In that article you linked us to about the trans-gum piercing by shannon larratt, he said the trans-gum piercing "actually is reckless and a terrible idea." He may be a proponent for misunderstood piercings, but he definitely does not support that type of piercing.
That was the point of linking the article. That even someone who is down for unconventional modification thinks it’s a bad idea. :x
Sorry if anyone else misunderstood my intention with that! My bad!
i desperately want to learn how to and start piercing people, although its not suggest i have pierced myself a couple of times and none have rejected nor gotten infected due to careful cleaning and proper “technique” or what little i have. where should i start looking? does one have to be a certain age before being allowed to pierce people? and last of all where could i find synthetic skin to practice on without the consequences of screwing up somebodies body?
Piercing is about so much more than just being able to stick a needle through something. Find yourself a good apprenticeship under a good (I cannot stress this enough, don’t just jump at the first opportunity you get) piercer, and they will get you started on the right path. It’s not necessarily an “easy” industry to get into, since everyone and their mother wants to be a piercer.
In the meantime, all I can suggest is doing some research. Find all the information you can, and read it three times. Use your internet resources! Comb through BME, blog posts by industry professionals, back issues of The Point. I know reading and learning is ~boring~, but if you’re looking for an exciting action-packed glamor job, you’re checking out the wrong industry.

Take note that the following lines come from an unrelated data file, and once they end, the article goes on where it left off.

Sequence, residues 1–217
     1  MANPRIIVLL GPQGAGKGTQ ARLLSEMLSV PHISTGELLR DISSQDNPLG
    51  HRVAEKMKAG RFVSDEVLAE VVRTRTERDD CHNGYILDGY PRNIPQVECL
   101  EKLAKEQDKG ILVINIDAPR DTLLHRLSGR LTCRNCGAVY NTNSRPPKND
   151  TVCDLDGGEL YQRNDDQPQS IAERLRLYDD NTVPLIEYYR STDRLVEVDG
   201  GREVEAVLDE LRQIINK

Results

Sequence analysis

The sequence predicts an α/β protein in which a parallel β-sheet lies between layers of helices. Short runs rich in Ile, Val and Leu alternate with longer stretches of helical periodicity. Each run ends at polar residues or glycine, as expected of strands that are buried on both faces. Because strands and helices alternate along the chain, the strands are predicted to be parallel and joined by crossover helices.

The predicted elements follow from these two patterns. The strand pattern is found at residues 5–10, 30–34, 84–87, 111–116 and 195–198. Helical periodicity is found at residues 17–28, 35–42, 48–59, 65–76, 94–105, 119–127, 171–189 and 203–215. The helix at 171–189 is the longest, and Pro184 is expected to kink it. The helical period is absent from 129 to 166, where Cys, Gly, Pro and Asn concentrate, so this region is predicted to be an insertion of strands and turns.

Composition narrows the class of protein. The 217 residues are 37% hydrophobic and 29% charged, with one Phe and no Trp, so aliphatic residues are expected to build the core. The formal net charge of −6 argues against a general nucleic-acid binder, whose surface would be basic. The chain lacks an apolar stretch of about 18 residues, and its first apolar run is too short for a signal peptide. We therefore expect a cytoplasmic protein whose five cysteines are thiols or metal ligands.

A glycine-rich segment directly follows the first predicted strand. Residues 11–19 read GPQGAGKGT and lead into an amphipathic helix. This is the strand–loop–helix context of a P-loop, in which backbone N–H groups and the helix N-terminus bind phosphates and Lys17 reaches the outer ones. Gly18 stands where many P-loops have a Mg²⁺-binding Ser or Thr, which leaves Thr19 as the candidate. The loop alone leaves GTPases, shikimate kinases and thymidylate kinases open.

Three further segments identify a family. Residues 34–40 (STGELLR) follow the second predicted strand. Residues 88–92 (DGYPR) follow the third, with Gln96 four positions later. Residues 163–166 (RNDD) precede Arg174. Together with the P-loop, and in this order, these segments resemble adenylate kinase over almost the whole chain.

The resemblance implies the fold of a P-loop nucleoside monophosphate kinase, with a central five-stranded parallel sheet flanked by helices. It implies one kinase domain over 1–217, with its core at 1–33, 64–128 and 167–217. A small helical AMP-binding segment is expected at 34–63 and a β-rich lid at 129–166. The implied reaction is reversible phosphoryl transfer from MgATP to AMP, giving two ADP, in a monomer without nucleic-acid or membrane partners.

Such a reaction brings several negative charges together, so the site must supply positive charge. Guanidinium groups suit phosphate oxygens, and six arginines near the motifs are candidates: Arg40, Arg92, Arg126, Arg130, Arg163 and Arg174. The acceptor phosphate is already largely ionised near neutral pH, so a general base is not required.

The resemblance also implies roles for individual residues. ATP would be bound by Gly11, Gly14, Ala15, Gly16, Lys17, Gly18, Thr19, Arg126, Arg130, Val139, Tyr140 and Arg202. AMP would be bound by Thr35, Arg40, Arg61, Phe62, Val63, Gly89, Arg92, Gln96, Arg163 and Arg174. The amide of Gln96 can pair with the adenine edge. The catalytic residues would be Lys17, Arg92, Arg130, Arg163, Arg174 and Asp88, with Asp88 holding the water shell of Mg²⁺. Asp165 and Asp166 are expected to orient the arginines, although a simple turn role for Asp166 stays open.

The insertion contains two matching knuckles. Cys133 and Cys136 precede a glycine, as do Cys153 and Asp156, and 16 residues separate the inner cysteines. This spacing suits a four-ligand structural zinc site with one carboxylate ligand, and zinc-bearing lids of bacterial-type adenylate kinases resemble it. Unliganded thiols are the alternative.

DISCLAIMER: In case someone somehow reads my post wrong, I would like to point out that DOING THE RESEARCH I SUGGESTED DOES NOT MAKE YOU A PIERCER. IT DOESN’T EVEN NECESSARILY MAKE YOU QUALIFIED TO DISH OUT YOUR OWN PIERCING ADVICE. LEAVE IT TO THE PROFESSIONALS.
I have several tattoos, a few of them done by a close friend of mine (I know, I know, they were from a few years ago) and surprisingly, they’re pretty good. I like them, at least.
This story, oddly enough, isn’t about his work though but a shop in my area that actually has a great reputation. I got my first tattoo there, right when I turned 18. Its a goofy looking skull that looks more like Jack Skellington than anything else, and took about 20 minutes. I was a bit confused as to why that cost me 70$ but I figured hell, I’m happy with it, no reason to really complain.
About a year later my boyfriend offered to pay for my second tattoo, ‘Live Before You Die’ on my left forearm. I’d wanted it for about a year, contemplated it and when I still wanted it, he offered as a birthday gift. I went back to the same shop, set a date, saw the lettering he drew up and felt pretty confident.
Everything was normal at first, I was incredibly shocked how painless it was though, an about 20 minutes in he went to wipe the ink off and all of the lettering went with it.
He just kinda stared at my arm and the needle, shrugged and went back to it. Next time he wiped the ink, the same thing happened. Apparently the needle was in BACkWARDS.
So he effectively tenderized the shit out of my arm before actually getting the ink in. Halfway through he switched to a bigger needle and at that point I was outright sobbing because it was so sore.
About four years later, I’m amazed how well it healed, but it wasn’t easy. Out of the seven I have, its the ONLY one that ever scabbed and got horribly sore. There are a few weird bubbly spots on it still, and while I’m happy with how it looks in spite of that, I can’t imagine ever going back there again.